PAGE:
So big news comin’ from the Clean Spirit HQ – I am an official owner of a lean, mean adventure MACHINE! For the past few weeks, I’ve been preoccupied with vehicle shopping – holy moly is it exhausting and time consuming!! – so my focus temporarily strayed away from hiking and maintaining the site. But the point is, I am back and ready to rock.
While Colin was away this weekend, it was glorious to still have the option of heading out of the city for some trail time. Inspired by Oregon State Parks’ announcement of free admission to celebrate #OptOutside this Black Friday, I had my eyes set on Silver Falls State Park. It seemed like the perfect choice because 1) I will be stuck inside an office on Black Friday, all by myself, and won’t be able to partake in #OptOutside and enjoy the perks of no day-use fees, 2) I’m a little rusty after my time off, but this is a fairly flat trail, and 3) SO MANY WATERFALLS! So yes, I sucked up the $5 fee – hey, it’s a little painful following the big car purchase. 🙂
Being the first rain-free day in weeks, I expected the park to be packed to the gills and to my surprise, it wasn’t. I found that most visitors drive as close to each waterfall as they can, avoid the ones they can’t, and as a result, the Trail of Ten Falls isn’t bustling with people. That’s not to say I was entirely alone, but I had decent stretches of ultimate solitude.
The official loop begins at South Falls Lodge but you can really pick it up anywhere you please, e.g. North Falls or Winter Falls.
You start off following signs to North Falls Viewpoint and the Rim Trail. It gets a tad confusing once you cross over a paved road and you’re presented with two trails. Thanks to a fellow hiker who noticed my confusion, I was informed one is a bike path and the other for hikers. It’s easy to jumble the two, even though the bike path is paved, because both were hidden under layers of leaves and pine needles. It should be noted that if you want to do the Trail of Ten Falls, stick to the hiking path (bikes aren’t allowed on the full loop).
The first waterfall you hit is Winter Falls – accessible on a little side path that cuts across and back onto the loop on the other side. It’s a good alternative route if you want to do a shorter trip and are ok with missing North Falls. OregonHikers.org suggests hitting up Winter on your way back around, but I didn’t read that far ahead and after seeing the very top of the falls, I needed to satisfy my curiosity. Winter Falls, best seen during this time of year following heavy rainfall, did not disappoint and was a great start to the ten-strong series.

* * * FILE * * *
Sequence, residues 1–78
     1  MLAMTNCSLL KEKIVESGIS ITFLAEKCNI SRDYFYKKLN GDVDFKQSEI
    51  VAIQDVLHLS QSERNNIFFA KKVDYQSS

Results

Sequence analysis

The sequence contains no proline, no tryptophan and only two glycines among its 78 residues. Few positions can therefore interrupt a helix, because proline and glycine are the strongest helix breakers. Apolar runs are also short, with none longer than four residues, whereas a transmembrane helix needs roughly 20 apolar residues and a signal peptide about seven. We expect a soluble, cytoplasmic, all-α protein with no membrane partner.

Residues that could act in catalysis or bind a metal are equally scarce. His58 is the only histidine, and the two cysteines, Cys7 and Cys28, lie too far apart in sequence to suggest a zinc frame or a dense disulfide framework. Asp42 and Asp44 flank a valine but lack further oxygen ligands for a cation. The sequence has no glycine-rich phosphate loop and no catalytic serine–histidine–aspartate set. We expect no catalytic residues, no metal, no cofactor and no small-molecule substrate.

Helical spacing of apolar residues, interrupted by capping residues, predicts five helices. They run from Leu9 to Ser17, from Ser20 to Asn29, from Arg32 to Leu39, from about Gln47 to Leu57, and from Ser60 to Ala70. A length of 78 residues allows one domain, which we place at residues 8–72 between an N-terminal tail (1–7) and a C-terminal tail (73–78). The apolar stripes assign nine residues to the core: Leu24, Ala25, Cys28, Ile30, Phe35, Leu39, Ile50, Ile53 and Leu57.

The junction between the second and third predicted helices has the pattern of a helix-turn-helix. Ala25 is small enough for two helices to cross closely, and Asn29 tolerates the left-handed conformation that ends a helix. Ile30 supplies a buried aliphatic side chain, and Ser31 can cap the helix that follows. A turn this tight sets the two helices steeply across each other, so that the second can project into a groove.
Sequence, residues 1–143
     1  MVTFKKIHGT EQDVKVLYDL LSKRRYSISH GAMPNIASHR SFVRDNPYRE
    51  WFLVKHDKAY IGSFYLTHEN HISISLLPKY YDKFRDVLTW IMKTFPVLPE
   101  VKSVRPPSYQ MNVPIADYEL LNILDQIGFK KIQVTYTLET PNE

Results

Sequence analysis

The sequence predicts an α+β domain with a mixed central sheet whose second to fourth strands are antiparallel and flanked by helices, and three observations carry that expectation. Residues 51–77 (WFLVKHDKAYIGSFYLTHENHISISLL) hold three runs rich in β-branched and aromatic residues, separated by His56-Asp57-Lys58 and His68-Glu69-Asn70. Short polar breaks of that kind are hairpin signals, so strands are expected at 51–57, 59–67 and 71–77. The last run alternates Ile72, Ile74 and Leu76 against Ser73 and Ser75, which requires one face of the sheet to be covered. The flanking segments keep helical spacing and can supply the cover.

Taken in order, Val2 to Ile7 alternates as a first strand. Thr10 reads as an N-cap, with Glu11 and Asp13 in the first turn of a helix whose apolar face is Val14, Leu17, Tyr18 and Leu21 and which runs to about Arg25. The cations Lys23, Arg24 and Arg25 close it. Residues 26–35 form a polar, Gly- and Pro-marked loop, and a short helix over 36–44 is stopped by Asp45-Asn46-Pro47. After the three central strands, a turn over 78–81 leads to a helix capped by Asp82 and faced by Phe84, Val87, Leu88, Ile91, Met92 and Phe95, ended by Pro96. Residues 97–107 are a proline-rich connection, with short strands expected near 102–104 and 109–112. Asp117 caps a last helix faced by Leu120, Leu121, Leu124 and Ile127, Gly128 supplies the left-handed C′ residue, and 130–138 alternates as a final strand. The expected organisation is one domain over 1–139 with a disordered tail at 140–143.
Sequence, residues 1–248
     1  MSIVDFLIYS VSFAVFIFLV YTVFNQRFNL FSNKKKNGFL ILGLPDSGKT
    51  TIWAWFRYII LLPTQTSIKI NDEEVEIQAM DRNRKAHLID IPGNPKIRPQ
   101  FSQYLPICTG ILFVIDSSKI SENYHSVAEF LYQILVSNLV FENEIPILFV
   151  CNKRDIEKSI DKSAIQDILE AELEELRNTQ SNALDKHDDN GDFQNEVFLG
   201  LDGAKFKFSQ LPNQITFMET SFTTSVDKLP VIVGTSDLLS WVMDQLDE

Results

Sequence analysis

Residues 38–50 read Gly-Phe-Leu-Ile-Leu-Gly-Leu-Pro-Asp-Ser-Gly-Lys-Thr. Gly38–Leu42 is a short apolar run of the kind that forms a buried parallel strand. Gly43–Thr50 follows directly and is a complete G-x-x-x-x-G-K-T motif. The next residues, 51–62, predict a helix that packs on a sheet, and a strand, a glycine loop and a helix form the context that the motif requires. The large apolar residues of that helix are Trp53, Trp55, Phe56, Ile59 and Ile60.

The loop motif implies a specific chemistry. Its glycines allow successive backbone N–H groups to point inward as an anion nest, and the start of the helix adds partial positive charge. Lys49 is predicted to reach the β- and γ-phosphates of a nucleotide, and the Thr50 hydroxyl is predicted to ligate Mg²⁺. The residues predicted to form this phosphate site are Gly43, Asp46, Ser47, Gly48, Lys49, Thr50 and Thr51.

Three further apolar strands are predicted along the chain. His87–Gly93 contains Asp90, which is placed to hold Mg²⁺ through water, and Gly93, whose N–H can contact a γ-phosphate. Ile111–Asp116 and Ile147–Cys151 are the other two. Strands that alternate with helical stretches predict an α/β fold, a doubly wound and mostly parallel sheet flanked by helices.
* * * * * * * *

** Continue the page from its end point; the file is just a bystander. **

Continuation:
Next on the list was Upper North Falls – not as impressive as the other falls, but that makes it less desirable to other visitors. If you’re seeking a little seclusion, head here. If you’re pressed for time, you’re fine to skip this one.
The aforementioned hiker informed me that he does the modified shorter loop (once a week!) because he didn’t think North Falls is anything to write home about, which left my expectations pretty low. I wondered if maybe I should have not bothered, but I’m glad I did… North Falls was epic despite being only the third tallest waterfall in the park at 136 feet. There’s a enormous undercut cliff behind the falls, allowing you to walk behind it, even take a seat, and enjoy the show.
I can see this being a really great rainy day hike – take shelter for lunch in these cave-like grottos, the precipitation will make the waterfalls especially powerful, and the weather will scare away the crowds.
Continuing on, you pass Twin Falls, which, to be honest, is sort of a dud following North Falls.
Middle North Falls was another favorite of mine – mostly because again, you can go behind it. North Falls’ streams were more concentrated while Middle North Falls’ were broader. Being behind Middle North felt like you were in a room with waterfall walls. I could have stood there for ever.
Drake Falls and Double Falls followed, but weren’t as intense as the others.
At this point, I managed to mess up my route as I tend to do and went left at Maple Ridge Junction, versus going straight towards Lower South Falls. Maple Ridge Trail kicks off with a few switchbacks and the steepness felt extreme compared to all the flat ground I had traveled on all day. I realized, as I huffed and puffed, that I took the wrong turn but I already put so much work into this trail that I kept going, knowing that it eventually lead to my car.
I assumed my goof-up meant not seeing what is essentially deemed the crown jewels of Silver Falls – South Falls, one of the most photographed waterfalls in Oregon (following Multnomah and Punchbowl)… Which is just another way of saying this place is where the crowds gather!
However, I came to this unexpected opening and there it was! South Falls! There were lots of people crossing behind the waterfall, which also has a trail running on its other side. So in retrospect, I’m happy about my little oops. I got some prime viewing from above, without dealing with the crowds, and despite the easy terrain, I managed to get at least a little bit of a workout.
I definitely see myself coming back, probably with friends who don’t hike a whole bunch. It’s an unchallenging and laid back trail with a lot of attractions. It would also make a great introductory route for trail runners. I’m also putting this down as a go-to for one of the unavoidable rainy Portland weekends ahead!
– Sometimes directional mishaps can result in a better hike!